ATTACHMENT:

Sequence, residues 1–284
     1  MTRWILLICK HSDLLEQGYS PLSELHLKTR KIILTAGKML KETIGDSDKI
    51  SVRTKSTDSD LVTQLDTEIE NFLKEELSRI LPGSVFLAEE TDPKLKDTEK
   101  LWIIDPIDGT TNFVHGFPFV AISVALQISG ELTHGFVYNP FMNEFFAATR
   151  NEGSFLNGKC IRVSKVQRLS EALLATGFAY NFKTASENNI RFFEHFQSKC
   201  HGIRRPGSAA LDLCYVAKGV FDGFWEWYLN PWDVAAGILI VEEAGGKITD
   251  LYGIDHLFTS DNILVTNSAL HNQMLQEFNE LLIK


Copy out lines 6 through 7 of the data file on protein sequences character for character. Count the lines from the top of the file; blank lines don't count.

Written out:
   201  HGIRRPGSAA LDLCYVAKGV FDGFWEWYLN PWDVAAGILI VEEAGGKITD
   251  LYGIDHLFTS DNILVTNSAL HNQMLQEFNE LLIK